This is the fifth book in the ‘Fancy Jack’ Crossman series, following the adventures of a British soldier through the various imperial wars of the Victorian era. There are obvious similarities with Harry Flashman and Richard Sharpe. With such a huge variety of exotic settings to sample, each loaded in legend, the attraction is obvious.
Fancy Jack is of aristocratic birth, clearly officer material even though he joins the army as a private after a quarrel with his father. In Rogue Officer he has finally made it to commissioned rank, fighting in the last phases of the Indian Mutiny, the mopping-up operations we did not learn about at school. Not that we have any details of the ruthless repression that followed the Mutiny. The story mainly concerns a vendetta between two army officers, involving the aristocratic code of honour and practice of duelling. Jack is not the ‘rogue officer’; that is his rival, who has his comeuppance at the end of the book, although not quite as one might expect.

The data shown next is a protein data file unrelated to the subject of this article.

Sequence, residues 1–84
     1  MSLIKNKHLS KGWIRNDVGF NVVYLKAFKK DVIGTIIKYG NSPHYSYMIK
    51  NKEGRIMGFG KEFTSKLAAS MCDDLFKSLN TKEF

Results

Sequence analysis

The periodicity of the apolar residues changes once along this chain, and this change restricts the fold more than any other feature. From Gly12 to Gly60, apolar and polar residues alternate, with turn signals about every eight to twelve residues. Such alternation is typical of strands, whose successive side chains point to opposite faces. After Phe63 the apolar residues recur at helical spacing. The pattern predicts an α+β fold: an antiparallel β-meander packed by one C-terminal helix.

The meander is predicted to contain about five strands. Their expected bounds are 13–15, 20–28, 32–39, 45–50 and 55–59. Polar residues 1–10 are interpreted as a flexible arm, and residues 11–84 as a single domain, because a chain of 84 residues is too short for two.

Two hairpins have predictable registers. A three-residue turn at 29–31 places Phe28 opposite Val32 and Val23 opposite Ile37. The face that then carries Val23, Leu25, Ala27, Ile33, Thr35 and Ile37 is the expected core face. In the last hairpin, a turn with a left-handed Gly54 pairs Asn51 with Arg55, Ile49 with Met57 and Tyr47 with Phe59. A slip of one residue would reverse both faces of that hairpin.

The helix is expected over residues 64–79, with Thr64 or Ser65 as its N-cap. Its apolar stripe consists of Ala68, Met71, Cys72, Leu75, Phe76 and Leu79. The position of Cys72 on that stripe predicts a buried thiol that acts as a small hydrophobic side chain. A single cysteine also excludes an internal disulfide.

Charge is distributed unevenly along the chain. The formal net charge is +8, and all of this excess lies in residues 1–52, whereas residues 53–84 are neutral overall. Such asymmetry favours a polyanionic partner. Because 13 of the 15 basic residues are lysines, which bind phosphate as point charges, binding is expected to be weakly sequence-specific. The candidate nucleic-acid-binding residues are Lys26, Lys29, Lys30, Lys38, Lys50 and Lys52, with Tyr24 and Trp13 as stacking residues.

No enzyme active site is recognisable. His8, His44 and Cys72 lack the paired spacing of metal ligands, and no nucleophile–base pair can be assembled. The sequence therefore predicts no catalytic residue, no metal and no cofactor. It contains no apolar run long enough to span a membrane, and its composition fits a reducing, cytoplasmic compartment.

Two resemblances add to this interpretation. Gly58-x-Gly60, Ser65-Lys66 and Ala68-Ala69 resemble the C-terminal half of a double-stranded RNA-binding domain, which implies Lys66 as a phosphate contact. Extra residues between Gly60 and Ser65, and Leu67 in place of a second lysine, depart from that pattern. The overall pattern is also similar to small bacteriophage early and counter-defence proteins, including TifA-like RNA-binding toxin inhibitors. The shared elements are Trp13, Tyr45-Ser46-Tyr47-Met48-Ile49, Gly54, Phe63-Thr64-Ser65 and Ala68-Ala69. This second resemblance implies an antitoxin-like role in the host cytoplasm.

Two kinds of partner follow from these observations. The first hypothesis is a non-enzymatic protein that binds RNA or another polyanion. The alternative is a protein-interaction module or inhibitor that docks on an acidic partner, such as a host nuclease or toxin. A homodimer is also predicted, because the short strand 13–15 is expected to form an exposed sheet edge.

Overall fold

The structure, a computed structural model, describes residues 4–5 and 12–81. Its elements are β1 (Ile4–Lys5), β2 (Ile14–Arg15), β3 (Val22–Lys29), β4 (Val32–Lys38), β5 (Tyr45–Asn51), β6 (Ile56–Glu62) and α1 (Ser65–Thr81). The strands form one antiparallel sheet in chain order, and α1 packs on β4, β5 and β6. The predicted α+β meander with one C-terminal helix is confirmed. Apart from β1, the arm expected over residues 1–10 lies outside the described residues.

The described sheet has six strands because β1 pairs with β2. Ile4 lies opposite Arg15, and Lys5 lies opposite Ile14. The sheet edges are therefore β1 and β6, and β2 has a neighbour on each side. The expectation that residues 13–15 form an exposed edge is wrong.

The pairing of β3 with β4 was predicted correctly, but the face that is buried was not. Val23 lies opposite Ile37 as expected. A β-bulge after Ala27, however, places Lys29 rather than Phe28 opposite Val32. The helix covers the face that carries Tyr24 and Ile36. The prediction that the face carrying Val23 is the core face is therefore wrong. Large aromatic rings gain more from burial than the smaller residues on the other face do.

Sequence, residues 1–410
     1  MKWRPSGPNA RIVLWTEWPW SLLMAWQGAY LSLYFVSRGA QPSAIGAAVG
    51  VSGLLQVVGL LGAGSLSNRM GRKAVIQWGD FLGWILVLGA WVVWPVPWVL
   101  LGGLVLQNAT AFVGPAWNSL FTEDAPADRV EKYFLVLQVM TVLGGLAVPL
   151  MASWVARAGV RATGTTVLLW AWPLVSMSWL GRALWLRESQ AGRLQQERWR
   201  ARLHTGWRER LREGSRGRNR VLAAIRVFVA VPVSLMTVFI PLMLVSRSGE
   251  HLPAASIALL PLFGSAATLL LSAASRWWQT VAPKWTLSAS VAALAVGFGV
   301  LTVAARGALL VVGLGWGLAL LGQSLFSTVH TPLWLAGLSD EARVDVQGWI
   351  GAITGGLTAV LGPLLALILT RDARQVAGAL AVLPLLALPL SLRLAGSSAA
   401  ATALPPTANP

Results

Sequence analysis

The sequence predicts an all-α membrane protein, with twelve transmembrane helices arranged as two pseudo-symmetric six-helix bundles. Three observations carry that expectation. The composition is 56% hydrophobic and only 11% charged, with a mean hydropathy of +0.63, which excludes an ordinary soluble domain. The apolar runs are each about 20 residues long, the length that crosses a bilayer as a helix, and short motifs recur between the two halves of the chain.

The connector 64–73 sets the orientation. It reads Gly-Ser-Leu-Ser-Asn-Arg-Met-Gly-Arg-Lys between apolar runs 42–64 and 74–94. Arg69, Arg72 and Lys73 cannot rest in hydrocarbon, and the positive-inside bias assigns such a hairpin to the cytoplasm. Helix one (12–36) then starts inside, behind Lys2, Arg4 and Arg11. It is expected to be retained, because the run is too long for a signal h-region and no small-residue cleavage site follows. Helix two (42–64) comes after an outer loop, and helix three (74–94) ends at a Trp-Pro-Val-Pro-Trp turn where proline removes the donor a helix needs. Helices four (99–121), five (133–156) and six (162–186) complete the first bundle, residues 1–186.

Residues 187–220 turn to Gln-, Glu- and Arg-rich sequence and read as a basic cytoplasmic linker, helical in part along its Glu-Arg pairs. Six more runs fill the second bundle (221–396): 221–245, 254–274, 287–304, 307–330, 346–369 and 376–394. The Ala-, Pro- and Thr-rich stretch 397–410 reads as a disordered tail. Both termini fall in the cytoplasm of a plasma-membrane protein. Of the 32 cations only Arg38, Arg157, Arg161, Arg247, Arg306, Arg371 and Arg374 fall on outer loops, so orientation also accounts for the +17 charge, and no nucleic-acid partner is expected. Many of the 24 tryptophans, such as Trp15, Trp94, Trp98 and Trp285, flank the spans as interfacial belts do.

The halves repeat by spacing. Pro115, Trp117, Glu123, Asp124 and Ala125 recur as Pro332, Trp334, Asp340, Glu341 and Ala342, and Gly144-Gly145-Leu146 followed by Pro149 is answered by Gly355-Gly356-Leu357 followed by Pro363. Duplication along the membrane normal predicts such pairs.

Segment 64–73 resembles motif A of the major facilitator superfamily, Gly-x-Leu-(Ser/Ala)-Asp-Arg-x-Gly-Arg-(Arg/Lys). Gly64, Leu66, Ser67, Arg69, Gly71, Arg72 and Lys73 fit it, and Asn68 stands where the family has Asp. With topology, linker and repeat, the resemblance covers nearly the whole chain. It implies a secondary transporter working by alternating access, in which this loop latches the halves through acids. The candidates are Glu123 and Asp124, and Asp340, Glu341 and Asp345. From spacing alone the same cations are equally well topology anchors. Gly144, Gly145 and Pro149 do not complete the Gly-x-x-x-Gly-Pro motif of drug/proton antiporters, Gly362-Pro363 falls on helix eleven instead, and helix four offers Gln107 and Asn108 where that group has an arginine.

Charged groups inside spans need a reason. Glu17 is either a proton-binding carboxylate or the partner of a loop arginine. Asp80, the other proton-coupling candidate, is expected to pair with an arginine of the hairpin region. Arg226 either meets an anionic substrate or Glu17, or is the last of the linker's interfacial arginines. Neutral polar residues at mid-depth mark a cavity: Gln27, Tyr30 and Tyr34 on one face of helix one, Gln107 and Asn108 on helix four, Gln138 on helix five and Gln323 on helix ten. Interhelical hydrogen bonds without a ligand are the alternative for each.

This is not a tongue-in-the-cheek satire like the Flashman series. The absurd code of honour is accepted without comment, as the framework for a straight adventure story.